If you have ever heard the roar of the ocean, been in it, you know it’s something, a force of nature that deserves respect. During my first lesson, it not only brought me to my knees, it turned me upside down and flattened me to the shoreline. Talk about a humbling experience.
My teacher Doug carried his surfboard with ease in front of me with his nephews telling him that I needed more practice. Think about the two kids from Hawaii who had probably been surfing since they could walk. They had spent more than a few times at the “Pipe” on O’ahu’s North Shore. By comparison I was a grommet or kook. I ran out of the crashing waves to avoid further embarrassment, but realized a large loogy was hanging down from my nostril. Doug handed me a towel.
“Man, wipe that off,” he said. “You don’t want to some chick to see you.”
Too late. There she was. A lifeguard to rival a Baywatch beauty walked by, but there was nothing mythical about her beauty – all blue haired and blonde eyed. The expression on her face made her look like she bit into a big fat lemon. That was my cue. Make lemonade.
“Today’s not your day,” Doug said, as he strapped the two long boards to the top of the VW van. He was one of the original surfer bad boys, stealing alcohol at the local package store and skipping classes when the surf was up. Manhattan Beach was a different story back in the 1960s, the boondocks, covered in dunes, weeds, and hippy shacks, while inner-city burbs like Inglewood and Hawthorne housed the middle class.
His bald head, greying hair, tan skin gave people the wrong idea. He was a Larry-David look alike – not as wisecracking. Better. He was for real, lived the life and survived it. His gravelly voice said he had been there, done that, and you’d get no sense he had any reason to lie, especially about catching 20-footers during a storm. Get him into a wetsuit, he swam like a freakin’ sea lion.
During my first lesson, he pushed me on a longboard, a thick coating of Sex Wax, into a three-footer. He called the plank of fiberglass and polyurethane a “stick.” It was about nine feet, six inches, roughly a canoe or small boat. Hoist a sail, and we’d be on our way to Catalina. Instead, there was something more practical. I attached a black cord to a Velcro band around my ankle, a tether which had only a psychological effect, and fooled me into thinking I would never lose my board. The ocean had other ideas.
“You a good swimmer?” I nodded. “Good. This thing comes loose, all you have to do is make it to shore.”
The salty seawater helped me stay afloat, but then there were riptides, those strong currents of water rushing back out to the Pacific. Sometimes the dolphins heckled you. This is crazy, I thought. Here I am, this dude who grew up in Nebraska, the nearest ocean more than 1,200 miles away, wanting to see what it was like to harness a wave, pull on its reins and last at least 8 seconds. The cord never came loose. Coincidently, we called my surfboard Big Red or the Barn Door, both references to my home state, either to Husker football and farming, you can take your pick. I took this as a sign. I was supposed to learn how to surf.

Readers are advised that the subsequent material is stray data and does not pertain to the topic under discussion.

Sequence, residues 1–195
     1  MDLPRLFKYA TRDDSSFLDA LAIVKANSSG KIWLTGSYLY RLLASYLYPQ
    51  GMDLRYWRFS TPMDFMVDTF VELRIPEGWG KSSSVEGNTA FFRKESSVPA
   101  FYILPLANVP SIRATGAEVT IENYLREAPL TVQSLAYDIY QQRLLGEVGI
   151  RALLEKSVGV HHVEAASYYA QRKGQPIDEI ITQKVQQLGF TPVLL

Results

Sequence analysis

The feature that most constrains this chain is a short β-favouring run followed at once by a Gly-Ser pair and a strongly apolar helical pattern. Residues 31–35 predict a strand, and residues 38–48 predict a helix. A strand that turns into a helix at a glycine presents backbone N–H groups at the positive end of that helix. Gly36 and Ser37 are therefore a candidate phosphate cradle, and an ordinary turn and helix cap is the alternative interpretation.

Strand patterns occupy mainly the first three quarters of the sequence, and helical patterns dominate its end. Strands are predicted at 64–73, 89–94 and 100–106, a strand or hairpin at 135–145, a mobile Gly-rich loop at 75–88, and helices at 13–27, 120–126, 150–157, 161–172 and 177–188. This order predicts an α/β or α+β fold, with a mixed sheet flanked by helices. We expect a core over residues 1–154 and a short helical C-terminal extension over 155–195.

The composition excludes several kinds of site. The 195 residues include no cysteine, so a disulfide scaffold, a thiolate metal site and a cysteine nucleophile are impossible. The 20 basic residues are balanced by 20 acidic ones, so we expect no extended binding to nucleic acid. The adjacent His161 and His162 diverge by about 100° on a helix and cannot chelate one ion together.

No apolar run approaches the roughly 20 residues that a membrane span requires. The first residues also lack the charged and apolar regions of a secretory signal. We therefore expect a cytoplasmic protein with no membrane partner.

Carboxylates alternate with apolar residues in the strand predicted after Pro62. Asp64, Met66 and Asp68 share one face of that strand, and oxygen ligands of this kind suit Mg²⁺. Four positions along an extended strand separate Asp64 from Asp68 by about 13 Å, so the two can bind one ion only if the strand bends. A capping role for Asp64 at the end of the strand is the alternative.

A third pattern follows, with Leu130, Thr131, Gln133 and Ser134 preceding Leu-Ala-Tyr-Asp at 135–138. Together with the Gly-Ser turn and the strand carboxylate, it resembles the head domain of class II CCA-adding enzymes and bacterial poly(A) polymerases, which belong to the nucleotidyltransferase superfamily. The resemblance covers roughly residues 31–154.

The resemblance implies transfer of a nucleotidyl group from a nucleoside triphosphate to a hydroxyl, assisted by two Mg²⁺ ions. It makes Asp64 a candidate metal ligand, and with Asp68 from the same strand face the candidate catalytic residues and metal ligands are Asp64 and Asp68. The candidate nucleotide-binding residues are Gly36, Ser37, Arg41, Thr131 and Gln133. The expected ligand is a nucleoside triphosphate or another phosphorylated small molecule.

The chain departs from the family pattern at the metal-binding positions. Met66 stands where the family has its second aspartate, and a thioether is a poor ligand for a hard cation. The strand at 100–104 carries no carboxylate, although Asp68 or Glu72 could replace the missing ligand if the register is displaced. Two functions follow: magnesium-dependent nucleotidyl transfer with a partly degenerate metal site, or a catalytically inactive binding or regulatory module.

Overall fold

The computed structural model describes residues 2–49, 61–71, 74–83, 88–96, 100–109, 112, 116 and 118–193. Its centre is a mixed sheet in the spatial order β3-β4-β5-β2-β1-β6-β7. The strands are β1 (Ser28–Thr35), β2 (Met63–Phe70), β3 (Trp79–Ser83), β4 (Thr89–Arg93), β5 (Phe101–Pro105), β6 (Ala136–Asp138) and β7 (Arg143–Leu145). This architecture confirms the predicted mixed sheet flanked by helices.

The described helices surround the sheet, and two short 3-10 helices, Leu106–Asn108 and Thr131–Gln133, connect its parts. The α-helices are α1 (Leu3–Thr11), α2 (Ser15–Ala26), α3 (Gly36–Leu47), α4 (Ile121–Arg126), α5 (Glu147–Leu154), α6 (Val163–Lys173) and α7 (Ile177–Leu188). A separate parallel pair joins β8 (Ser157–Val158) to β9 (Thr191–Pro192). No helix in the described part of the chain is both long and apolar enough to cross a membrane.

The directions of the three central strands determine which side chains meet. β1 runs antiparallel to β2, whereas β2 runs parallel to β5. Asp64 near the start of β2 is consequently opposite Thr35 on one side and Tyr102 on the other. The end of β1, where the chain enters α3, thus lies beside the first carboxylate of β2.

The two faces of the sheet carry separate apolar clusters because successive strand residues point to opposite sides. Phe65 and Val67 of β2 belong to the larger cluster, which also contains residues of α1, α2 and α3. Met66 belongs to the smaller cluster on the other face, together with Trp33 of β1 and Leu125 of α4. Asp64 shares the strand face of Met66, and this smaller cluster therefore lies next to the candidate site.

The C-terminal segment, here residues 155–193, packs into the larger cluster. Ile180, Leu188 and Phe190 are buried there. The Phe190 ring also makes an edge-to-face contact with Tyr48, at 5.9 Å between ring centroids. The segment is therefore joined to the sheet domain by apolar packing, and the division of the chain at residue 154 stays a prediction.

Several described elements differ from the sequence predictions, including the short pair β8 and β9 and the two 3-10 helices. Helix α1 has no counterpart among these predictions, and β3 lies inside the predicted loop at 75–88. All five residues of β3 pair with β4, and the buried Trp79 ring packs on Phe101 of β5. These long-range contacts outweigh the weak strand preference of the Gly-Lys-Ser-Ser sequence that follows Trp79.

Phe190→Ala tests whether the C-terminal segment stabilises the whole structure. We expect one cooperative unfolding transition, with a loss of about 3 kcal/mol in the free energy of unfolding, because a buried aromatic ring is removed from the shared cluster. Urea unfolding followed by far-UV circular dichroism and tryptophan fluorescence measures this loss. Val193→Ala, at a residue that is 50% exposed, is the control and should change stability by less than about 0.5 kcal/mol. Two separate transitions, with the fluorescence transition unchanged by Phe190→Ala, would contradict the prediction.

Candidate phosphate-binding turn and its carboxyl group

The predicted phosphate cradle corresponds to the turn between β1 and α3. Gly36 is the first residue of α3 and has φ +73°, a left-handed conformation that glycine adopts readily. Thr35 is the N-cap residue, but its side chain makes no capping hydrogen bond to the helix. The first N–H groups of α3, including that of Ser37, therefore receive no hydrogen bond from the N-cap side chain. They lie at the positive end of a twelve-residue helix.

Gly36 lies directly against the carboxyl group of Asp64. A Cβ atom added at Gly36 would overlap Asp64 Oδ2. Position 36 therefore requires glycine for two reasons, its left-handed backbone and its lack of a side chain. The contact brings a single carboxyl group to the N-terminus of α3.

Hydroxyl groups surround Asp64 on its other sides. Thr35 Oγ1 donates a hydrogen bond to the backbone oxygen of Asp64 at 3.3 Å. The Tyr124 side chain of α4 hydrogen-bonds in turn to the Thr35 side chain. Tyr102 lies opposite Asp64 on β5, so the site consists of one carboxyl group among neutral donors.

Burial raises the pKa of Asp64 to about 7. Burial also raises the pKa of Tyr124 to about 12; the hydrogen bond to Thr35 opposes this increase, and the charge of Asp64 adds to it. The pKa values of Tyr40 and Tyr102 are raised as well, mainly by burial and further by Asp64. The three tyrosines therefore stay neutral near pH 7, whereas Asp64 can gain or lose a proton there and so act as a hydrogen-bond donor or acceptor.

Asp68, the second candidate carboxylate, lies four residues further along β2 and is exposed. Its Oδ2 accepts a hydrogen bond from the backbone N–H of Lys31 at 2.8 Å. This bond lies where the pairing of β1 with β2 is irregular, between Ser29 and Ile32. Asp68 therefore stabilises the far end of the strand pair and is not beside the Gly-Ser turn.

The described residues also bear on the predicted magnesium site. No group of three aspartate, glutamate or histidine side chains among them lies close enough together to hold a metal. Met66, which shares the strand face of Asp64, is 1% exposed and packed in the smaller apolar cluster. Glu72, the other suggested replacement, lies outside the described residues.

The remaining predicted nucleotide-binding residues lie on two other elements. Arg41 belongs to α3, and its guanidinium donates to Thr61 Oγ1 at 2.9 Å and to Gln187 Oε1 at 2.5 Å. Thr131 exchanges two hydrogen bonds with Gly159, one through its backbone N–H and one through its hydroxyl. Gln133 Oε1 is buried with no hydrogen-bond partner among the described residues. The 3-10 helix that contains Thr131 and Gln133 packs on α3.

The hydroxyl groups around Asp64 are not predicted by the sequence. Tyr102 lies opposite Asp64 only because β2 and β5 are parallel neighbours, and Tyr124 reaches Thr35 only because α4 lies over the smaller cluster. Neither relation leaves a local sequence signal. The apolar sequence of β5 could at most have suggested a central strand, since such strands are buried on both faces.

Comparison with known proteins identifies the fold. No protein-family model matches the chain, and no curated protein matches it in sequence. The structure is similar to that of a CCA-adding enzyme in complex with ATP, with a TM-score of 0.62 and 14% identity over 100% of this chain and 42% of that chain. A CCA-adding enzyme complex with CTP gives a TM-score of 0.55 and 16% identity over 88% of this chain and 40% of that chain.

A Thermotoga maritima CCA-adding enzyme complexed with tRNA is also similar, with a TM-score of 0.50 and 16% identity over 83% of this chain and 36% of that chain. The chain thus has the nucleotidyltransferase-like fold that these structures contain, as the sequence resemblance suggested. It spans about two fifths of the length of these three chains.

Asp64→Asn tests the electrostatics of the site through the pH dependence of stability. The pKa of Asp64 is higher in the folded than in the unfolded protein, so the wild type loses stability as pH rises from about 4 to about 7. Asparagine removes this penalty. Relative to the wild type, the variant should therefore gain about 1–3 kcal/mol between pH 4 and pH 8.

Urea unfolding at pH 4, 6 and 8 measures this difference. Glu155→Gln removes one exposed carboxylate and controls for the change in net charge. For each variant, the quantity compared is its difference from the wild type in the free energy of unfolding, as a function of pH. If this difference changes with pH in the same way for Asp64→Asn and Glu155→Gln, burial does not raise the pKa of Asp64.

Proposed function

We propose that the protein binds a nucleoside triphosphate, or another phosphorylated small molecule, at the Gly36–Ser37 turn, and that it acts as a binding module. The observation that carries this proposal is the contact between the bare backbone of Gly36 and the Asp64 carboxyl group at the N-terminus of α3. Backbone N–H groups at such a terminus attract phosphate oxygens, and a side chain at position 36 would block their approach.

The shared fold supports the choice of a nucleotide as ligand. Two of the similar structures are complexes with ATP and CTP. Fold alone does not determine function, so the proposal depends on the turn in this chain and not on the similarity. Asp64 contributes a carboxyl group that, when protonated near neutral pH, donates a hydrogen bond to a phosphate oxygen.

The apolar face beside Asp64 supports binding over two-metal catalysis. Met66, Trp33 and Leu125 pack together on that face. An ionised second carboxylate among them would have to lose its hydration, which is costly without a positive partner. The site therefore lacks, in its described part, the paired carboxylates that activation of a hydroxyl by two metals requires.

When I saw the ocean for the first time, I thought, no way. Guys and their boards were being swallowed up like they were nothing, and Doug, he waited to see how this farm boy might respond. Without saying much, he turned off the road following the shoreline, part of the calm laid-back culture. No demands. No pressure. When he was younger, he’d say, ‘let’s go get high.’
Instead he said: “We’ll wait until later.”
There was no ridicule, no embarrassment. Wide eyes. Hem-hawing. He got the hint.
Later in the day, when the ocean calmed, and he described the waves as “crumbly,” he said, “this is perfect. Let’s get in the water.”
I could feel the warm rolling tide lift me up.
“All you got to do is paddle quick. Just keep those arms moving.”
Another surfer coming back out to take advantage of the last sets of the day, said, “you just learning?” He didn’t wait for me to answer. “Just go man, go! Paddle like crazy.”
And like that, I rolled off the rising wave gentle into the fold. The fins cut into it, and the board dipped down, then came horizontal. I jumped to my feet the way Doug showed me. I couldn’t see them facing the shoreline, and cruising along with the wall of water behind me, but I could hear them both yelling at me to walk the board, as was tradition with long boarders performing those graceful tricks, dancing on water, hanging ten.
Then as the ride ended in frothy foam, the remnants of a dissolved wave, I jumped down and landed cleanly on a sandbar, making it easier to get back out. No rodeo clowns here. There were a few more swells on which I cut my teeth, but the best part was soaking up the reds, purples, wisps of gray, against a brilliant blue sky, my body leaning back on Big Red, soaking up the sweet summer kisses of sunlight, its soft rays gleaming, like searchlights, reflected on the ocean at its happiest.
The day was over, but I swore that wasn’t the end.
“You’re gonna sleep good tonight,” Doug said.
He was right. Getting back to the pad, my one-room studio, I set my board against the wall near the window, and had a few swallows of beer, then dreamland took over. There was no mistaking, that despite the powerful forces at work, the ones that made me feel like the fragile mortal I am, I found peace, and quite perhaps love. More important, this wannabe surfer found a friend.